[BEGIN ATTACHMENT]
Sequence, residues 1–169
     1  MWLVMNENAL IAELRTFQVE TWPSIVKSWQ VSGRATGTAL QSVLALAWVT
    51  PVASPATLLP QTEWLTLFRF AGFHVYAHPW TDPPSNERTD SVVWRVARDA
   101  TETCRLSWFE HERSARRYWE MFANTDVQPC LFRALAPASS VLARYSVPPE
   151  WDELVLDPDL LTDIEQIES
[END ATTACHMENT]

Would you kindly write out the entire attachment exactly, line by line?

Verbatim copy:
Sequence, residues 1–169
     1  MWLVMNENAL IAELRTFQVE TWPSIVKSWQ VSGRATGTAL QSVLALAWVT
    51  PVASPATLLP QTEWLTLFRF AGFHVYAHPW TDPPSNERTD SVVWRVARDA
   101  TETCRLSWFE HERSARRYWE MFANTDVQPC LFRALAPASS VLARYSVPPE
   151  WDELVLDPDL LTDIEQIES